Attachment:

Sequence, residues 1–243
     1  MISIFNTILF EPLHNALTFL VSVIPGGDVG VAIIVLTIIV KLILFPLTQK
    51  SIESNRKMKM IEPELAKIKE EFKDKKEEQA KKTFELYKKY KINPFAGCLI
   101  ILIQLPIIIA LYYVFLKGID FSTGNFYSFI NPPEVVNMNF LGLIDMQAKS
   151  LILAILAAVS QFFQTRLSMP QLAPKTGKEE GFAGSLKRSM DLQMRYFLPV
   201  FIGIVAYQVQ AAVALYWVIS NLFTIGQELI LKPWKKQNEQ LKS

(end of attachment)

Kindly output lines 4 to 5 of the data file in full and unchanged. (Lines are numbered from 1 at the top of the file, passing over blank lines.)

   101  ILIQLPIIIA LYYVFLKGID FSTGNFYSFI NPPEVVNMNF LGLIDMQAKS
   151  LILAILAAVS QFFQTRLSMP QLAPKTGKEE GFAGSLKRSM DLQMRYFLPV